There were plenty of smiles to go around as the Indians officially welcomed Nick Swisher.
By PAT McMANAMON FS Ohio
CLEVELAND — Terry Francona stood against the wall of the
Cleveland Indians interview room on Thursday.
The new Indians manager wanted to add his two cents about his team adding free agent outfielder
"There's no reason to play this cool," Francona said. "This is a big day for us."
Francona did not show excitement outwardly, but he promised he felt it. But his demeanor was near comatose compared with Swisher's.
If energy and effervescence win games, Swisher will matter.
He walked into a crowded news conference, looked out and yelled, "What's up, y'all?" He answered almost every question with a cackle, couldn't stop saying how excited he was to be with the Indians and said over and over what an honor it was to simply be able to play Major League Baseball.
"There's no stress in my world," he said.
He laughed about his free agent visit, when the Indians invited Jim Tressel to lunch (he grew up in Columbus and went to Ohio State) and played video messages from Buckeyes football coach Urban Meyer and basketball coach Thad Matt on the scoreboard.
"Have you seen these guys recruit?" he said, smiling ear-to-ear as he spoke.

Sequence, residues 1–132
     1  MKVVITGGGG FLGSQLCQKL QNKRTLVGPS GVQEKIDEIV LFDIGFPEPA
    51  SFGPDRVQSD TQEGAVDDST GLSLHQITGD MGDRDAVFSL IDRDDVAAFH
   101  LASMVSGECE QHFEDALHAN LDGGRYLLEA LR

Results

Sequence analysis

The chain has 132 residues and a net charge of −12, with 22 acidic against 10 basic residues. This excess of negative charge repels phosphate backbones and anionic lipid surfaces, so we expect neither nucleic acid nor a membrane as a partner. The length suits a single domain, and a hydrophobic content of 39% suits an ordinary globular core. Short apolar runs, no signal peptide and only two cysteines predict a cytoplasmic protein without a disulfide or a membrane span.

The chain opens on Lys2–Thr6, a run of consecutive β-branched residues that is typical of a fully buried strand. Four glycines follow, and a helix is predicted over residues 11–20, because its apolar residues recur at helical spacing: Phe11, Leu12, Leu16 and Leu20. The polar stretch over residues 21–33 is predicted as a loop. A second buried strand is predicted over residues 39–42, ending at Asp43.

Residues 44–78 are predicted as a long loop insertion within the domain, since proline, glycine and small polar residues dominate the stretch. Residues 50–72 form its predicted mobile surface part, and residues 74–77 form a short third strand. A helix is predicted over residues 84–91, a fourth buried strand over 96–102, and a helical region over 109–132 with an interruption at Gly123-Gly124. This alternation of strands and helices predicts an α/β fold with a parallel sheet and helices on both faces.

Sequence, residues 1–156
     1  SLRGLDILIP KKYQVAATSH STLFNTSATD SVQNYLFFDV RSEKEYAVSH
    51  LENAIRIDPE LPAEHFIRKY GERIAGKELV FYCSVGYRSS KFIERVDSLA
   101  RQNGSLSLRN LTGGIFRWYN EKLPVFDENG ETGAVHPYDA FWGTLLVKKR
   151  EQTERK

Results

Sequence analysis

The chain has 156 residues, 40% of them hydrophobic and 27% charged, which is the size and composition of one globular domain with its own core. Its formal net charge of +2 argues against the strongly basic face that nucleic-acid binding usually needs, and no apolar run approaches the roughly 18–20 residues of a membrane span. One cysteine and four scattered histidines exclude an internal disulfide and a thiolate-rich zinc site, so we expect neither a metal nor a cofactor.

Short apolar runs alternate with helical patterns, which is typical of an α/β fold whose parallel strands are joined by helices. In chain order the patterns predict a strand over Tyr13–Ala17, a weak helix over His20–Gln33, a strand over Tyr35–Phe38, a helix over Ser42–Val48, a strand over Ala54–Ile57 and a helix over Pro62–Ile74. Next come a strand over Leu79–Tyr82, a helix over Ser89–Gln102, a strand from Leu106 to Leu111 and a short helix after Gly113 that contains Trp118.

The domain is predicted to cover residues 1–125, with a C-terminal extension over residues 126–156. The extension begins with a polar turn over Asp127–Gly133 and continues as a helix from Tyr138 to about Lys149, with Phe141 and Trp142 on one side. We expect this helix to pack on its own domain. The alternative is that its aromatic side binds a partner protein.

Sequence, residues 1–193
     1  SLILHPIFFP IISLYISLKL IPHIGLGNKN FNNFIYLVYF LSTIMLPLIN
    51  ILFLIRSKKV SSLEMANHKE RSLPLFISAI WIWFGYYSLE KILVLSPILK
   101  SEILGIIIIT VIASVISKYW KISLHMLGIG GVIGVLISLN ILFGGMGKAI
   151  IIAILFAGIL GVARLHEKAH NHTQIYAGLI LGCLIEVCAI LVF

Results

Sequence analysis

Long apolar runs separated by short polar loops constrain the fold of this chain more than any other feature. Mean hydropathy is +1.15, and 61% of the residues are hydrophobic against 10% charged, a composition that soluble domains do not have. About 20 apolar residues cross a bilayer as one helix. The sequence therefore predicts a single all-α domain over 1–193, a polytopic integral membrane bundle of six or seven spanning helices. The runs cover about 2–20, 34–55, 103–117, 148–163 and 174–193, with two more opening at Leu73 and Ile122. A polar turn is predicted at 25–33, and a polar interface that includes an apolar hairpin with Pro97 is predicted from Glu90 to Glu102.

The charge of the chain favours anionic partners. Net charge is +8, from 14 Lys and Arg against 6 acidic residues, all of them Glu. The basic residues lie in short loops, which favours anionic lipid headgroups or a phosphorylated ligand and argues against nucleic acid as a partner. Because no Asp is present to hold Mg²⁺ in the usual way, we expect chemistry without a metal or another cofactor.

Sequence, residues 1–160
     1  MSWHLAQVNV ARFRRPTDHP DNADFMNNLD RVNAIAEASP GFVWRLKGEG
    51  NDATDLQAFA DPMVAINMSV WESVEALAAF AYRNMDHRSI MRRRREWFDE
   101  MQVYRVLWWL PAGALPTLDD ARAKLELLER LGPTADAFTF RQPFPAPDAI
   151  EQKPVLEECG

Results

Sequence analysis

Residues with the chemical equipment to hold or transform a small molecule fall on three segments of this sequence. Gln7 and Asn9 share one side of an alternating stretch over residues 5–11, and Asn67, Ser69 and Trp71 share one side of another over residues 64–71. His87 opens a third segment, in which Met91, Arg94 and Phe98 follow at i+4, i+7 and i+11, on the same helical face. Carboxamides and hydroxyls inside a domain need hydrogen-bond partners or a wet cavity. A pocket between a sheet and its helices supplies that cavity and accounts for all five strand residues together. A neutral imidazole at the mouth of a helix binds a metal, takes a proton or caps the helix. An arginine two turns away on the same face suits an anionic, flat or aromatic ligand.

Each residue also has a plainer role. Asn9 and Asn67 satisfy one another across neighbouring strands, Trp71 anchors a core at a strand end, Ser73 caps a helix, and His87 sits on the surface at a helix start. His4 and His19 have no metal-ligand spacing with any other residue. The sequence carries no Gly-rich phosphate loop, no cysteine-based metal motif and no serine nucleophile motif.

He gave one good and concrete reason for even considering the Indians, a team that has seen its share of good players depart via free agency or trade the last few years: The hiring of Francona as manager.
"You don't bring a guy like this over here if you don't plan on winning," Swisher said.
The Indians will plug Swisher's veteran switch-hitting bat into the middle of a lineup that needs all the run production it can get. He called the Indians a young team ready to win, and even went so far as to say the starting rotation would be "awesome."
Yes, exuberance can sometimes go too far.
But Swisher's a guy who actually wanted to come to Cleveland, and was happy about it.
"You want that opportunity and ability to win in the future," Swisher said. "That's definitely in the cards for us."
Then he called the day "super-exciting."
Then he smiled.
"I can't help it, man," he said, his voice rising. "I'm super-excited."
At 32, the Indians are taking a leap of faith with Swisher by giving him a deal that is four years and worth $56 million — and could last five years and be worth $70 million. But he had 24 HRs and 93 RBI last season with the Yankees, and has averaged 26 home runs the past eight seasons (with Oakland, the White Sox and Yankees). He is one of three American Leaguers to hit 20 homers in each of the last eight years, and he has played an average of 148 games.
Francona called Swisher a middle-of-the-order bat, a switch-hitter and a guy who plays every day. That type of durability has been missing with some high-priced Indians the past few years.
And the Indians thought enough of Swisher to make him the highest-paid free agent in team history.
"I'm not sure we could have found a more perfect complement to our team and to our organization," GM Chris Antonetti said.
Swisher managed a few words himself about the Indians most recent stretch of glory — between the laughs of course.
"I think it's that ultimate goal, man, of bringing it back to the '90s, when everything was rocking and rolling here, because this ballpark was the place to be," he said. "With the moves they've made, we are working our way back to that."